Pontius, R., Boersma, W., Castella, J.-C., Clarke, K., de Nijs, T., Dietzel, C., Duan, Z., Fotsing, E., Goldstein, N., Kok, K., Koomen, E., Lippitt, C., McConnell, W., Mohd Sood, A., Pijanowski, B., Pithadia, S., Sweeney, S., Trung, T., Veldkamp, A., & Verburg, P. (2008 a) Comparing the input, output, and validation maps for several models of land change. The Annals of Regional Science 42: 1147.CrossRefGoogle Scholar
Pontius, R., Thontteh, O. & Chen, H. (2008 b) Components of information for multiple resolution comparison between maps that share a real variable. Environmental and Ecological Statistics 15: 111142.Google Scholar
Pontius, R.G. & Millones, M. (2011) Death to Kappa: birth of quantity disagreement and allocation disagreement for accuracy assessment. International Journal of Remote Sensing 32: 44074429.CrossRefGoogle Scholar
Potter, C.S. (1999) Terrestrial biomass and the effects of deforestation on the global carbon cycle. Bioscience 49: 769778.Google Scholar
Ramankutty, N., Gibbs, H.K., Achard, F., DeFries, R, Foley, J.A. & Houghton, R.A. (2007) Challenges to estimating carbon emissions from tropical deforestation. Global Change Biology 13: 5166.CrossRefGoogle Scholar
Saatchi, S.S., Houghton, R.A., Dos Santos-Alvalá, R.C., Soares, J.V. & Yu, Y. (2007) Distribution of aboveground live biomass in the Amazon basin. Global Change Biology 13: 816837.CrossRefGoogle Scholar
Sanchez-Azofeifa, G.A., Castro-Esau, K.L., Kurz, W.A. & Joyce, A. (2009) Monitoring carbon stocks in the tropics and the remote sensing operational limitations: from local to regional projects. Ecological Applications 19: 480494.CrossRefGoogle ScholarPubMed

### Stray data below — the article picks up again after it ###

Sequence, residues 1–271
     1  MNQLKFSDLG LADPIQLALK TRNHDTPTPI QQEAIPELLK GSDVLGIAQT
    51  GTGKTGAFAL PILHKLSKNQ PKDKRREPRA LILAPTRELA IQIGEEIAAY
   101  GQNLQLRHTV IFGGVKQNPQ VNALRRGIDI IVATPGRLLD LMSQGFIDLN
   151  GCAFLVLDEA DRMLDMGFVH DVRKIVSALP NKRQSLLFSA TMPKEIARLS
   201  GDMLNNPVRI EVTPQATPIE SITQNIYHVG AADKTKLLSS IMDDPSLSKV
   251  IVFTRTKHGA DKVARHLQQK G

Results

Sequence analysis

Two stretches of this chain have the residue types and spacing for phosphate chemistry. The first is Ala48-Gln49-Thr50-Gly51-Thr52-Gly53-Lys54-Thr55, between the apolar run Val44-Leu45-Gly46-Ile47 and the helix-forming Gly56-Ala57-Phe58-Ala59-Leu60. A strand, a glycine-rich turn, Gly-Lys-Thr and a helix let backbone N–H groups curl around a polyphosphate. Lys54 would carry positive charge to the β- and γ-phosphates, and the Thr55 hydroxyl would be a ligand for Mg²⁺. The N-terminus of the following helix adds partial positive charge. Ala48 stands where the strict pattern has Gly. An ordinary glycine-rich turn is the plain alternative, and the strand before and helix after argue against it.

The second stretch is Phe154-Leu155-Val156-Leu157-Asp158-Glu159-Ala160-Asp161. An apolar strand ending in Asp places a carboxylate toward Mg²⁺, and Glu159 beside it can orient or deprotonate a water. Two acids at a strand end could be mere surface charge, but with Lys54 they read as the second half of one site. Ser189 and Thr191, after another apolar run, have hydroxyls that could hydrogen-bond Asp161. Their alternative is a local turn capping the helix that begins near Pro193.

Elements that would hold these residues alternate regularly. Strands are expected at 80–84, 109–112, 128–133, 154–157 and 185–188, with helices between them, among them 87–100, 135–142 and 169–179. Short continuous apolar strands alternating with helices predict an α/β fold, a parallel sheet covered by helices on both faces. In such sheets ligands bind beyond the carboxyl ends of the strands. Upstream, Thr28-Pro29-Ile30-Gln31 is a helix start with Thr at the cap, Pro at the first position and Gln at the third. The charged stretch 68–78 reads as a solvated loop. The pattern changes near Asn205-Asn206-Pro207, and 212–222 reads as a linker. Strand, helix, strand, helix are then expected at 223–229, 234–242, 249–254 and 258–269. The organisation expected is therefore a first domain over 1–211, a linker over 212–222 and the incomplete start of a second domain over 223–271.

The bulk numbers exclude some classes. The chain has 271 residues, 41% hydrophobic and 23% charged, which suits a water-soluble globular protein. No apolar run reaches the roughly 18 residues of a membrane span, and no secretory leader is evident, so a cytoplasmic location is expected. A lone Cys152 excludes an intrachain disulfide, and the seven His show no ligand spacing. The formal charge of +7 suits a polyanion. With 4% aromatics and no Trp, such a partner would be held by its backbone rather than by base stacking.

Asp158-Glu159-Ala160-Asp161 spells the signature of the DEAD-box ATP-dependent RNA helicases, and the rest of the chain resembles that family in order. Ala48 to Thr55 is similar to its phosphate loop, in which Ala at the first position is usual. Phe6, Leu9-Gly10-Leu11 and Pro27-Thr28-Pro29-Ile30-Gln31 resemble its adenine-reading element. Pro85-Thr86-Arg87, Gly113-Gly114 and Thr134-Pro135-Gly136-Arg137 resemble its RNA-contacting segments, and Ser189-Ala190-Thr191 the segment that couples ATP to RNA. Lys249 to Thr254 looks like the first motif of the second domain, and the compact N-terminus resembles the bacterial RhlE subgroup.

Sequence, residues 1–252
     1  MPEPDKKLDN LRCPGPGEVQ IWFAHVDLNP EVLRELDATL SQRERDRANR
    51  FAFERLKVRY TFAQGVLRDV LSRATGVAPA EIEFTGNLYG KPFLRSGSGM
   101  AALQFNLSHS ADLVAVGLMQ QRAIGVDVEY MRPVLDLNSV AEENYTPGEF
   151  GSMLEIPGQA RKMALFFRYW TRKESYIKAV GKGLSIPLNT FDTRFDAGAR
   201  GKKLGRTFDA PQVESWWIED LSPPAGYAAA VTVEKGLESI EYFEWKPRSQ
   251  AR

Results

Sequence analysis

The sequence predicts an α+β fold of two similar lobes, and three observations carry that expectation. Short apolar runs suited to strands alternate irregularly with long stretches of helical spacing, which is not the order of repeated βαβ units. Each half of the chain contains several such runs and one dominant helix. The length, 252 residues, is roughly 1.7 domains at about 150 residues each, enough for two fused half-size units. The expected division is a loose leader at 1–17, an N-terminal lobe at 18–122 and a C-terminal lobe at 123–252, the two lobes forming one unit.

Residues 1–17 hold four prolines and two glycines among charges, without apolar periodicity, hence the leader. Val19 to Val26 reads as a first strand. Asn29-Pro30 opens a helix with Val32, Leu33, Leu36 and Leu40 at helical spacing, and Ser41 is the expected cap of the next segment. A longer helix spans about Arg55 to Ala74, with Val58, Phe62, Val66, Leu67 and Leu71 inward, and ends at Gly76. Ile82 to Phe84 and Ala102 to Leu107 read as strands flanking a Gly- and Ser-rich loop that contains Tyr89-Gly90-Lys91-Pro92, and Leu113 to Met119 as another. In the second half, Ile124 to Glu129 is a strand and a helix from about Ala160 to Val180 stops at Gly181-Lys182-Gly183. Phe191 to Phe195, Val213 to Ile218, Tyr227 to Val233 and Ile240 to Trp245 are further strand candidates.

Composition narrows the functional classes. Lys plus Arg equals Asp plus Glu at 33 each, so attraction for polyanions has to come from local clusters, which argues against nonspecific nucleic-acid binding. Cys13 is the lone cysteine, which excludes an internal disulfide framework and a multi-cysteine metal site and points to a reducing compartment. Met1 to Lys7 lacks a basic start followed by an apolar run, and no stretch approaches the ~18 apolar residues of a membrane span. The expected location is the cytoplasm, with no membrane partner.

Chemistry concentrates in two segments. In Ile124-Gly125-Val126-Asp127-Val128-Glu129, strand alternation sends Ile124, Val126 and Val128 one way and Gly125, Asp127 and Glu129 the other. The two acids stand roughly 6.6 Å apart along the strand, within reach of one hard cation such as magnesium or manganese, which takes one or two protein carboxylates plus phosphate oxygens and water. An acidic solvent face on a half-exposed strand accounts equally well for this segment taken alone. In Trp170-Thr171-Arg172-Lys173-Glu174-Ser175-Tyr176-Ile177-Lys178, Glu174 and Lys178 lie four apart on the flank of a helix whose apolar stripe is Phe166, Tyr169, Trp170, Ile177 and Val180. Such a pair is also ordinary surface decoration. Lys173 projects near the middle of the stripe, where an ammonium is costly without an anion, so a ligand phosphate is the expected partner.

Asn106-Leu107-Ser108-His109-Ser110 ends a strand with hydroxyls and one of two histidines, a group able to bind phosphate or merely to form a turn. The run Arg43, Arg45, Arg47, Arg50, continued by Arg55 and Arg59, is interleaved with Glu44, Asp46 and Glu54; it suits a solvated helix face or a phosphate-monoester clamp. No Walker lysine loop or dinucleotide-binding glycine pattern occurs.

Sangermano, F., Toledano, J. & Eastman, J. (2012) Land cover change in the Bolivian Amazon and its implications for REDD+ and endemic biodiversity. Landscape Ecology 27: 571584.CrossRefGoogle Scholar
Scheyvens, H. (2010) Developing national REDD-Plus systems: progress, challenges and ways forward. IGES, Kanagawa, Japan: 104 pp. [www document]. URL http://enviroscope.iges.or.jp/modules/envirolib/view.php?docid=3051Google Scholar
Sloan, S. & Pelletier, J. (2012) How accurately may we project tropical forest-cover change? A validation of a forward-looking baseline for REDD. Global Environmental Change (in press).CrossRefGoogle Scholar
Soares-Filho, B.S., Nepstad, D.C., Curran, L.M., Cerqueira, G.C., Garcia, R.A., Ramos, C.A., Voll, E., McDonald, A., Lefebvre, P. & Schlesinger, P. (2006) Modelling conservation in the Amazon basin. Nature 440: 520523.Google Scholar
Umemiya, C., Amano, M. & Wilamart, S. (2010) Assessing data availability for the development of REDD-plus national reference levels. Carbon Balance and Management 5: 6.CrossRefGoogle ScholarPubMed
UNFCCC (2009) Decision 4/CP.15. Methodological guidance for activities relating to reducing emissions from deforestation and forest degradation and the role of conservation, sustainable management of forests and enhancement of forest carbon stocks in developing countries [www document]. URL http://unfccc.int/methods_and_science/lulucf/items/4267.phpGoogle Scholar
Venter, O., Laurance, W.F., Iwamura, T., Wilson, K.A., Fuller, R.A. & Possingham, H.P. (2009) Harnessing carbon payments to protect biodiversity. Science 326: 13681368.Google Scholar
Verchot, L.V. & Petkova, E. (2010) The state of REDD negotiations: consensus points, options for moving forward and research needs to support the process. UN-REDD, CIFOR, Bogor, Indonesia [www document]. URL http://www.cifor.org/nc/online-library/browse/view-publication/publication/2870.htmlGoogle Scholar
Verbist, B., Vangoidsenhoven, M., Dewulf, R. & Muys, B. (2011) Reducing emissions from deforestation and degradation (REDD). Klimos Working Paper-3. Klimos, Leuven, Belgium [www document]. URL http://www.biw.kuleuven.be/lbh/lbnl/forecoman/klimos/publications.htmlGoogle Scholar